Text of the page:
For most, the club vs. country debate is superficial. But for ex-Liverpool attacker Yan Dhanda, it could mean a decision between one or the other.
When it comes to club or country, the decision for players is more often one simply talked about among supporters.
Trent Alexander-Arnold, for example, has been widely urged to focus on Liverpool over England after regularly being overlooked by Gareth Southgate.
For Dhanda, though, the issue is much more complicated.
The 24-year-old attacking midfielder spent five years on Merseyside, having joined from West Brom in 2013, becoming the first player of Indian heritage to sign for the club.
Now with Ross County in the Scottish Premiership, he played a vital role in their avoiding relegation on the final day of the season.
But while he is eager to represent India at national team level, and those in his father’s country want him to do so, red tape is blocking him from a call-up.
Overseas Citizen of India (OCI) status is granted to allow unrestricted travel in India, but local laws prevent citizens from overseas from representing the country in any sport.
Dual-citizenship is not permitted either, meaning Dhanda would be required to give up his UK passport in order to play for India.
That would then make his club career decidedly more difficult, as there is no guarantee he would then move freely around sides in Europe.
In order to play for India, then, and therefore increase their chances of qualify for a World Cup along with other OCI cardholders, Dhanda would require a change of government policy.
“To play for India is a dream for me, but to give up my passport is very difficult in the moment,” he told Khel Now TV in April.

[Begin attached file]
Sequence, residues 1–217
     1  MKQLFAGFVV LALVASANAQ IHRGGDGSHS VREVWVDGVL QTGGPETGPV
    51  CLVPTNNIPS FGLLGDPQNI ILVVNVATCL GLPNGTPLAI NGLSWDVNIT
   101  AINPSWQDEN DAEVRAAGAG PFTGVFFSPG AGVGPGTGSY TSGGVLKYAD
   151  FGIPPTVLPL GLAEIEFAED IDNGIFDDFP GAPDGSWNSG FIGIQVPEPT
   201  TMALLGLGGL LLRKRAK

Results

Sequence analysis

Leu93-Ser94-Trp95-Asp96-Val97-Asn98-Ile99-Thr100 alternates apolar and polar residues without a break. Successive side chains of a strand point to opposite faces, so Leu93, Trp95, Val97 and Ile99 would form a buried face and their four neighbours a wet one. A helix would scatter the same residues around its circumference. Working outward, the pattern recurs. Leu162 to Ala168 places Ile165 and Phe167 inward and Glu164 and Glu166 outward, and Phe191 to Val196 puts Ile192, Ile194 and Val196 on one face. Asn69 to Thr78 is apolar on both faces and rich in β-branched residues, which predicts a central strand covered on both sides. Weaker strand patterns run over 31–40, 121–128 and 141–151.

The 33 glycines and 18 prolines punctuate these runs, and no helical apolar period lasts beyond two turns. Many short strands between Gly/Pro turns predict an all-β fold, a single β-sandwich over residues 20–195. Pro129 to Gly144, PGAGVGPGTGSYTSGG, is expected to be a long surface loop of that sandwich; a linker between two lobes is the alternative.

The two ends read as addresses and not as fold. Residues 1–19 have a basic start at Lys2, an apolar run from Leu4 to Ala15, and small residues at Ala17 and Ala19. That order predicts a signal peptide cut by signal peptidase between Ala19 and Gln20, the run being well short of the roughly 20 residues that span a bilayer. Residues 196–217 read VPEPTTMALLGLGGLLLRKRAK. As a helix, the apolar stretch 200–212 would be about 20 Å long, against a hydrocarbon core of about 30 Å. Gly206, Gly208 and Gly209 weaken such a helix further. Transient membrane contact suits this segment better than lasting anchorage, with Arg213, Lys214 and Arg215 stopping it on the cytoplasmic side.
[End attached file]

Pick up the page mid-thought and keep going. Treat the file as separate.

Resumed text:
“I want to continue playing in Europe and showing what I can do in Europe on some of the biggest stages.
“I do want hopefully find a solution for me to fulfil that dream of playing for India and going to a World Cup with India. It’s what I dream of.
“But at the moment, there are some difficult circumstances which hopefully we can get past and allow it to happen.”
There are other factors at play, including Dhanda’s young family being based in the UK, which make it almost impossible under the current circumstances.
Giving up my passport means I can’t play professionally in the UK and some European clubs, due to India’s FIFA ranking. Permitting OCI cards, similar to other countries, will allow me to represent the Indian football team as a dual national. I hope this can happen soon ?? https://t.co/YOfT5YmnIa
— Yan (@yandhanda) March 27, 2023
He has, however, held “positive conversations” with Shaji Prabhakaran, general secretary of the Indian FA, with the hope that federation and government can “come to an agreement.”
India have never taken part in the World Cup, with financial difficulties seeing them withdraw from the 1950 tournament, though they are part of qualification for 2026.
They are currently ranked 101st in the world, and as Dhanda explains, it may take a change of policy to improve on that.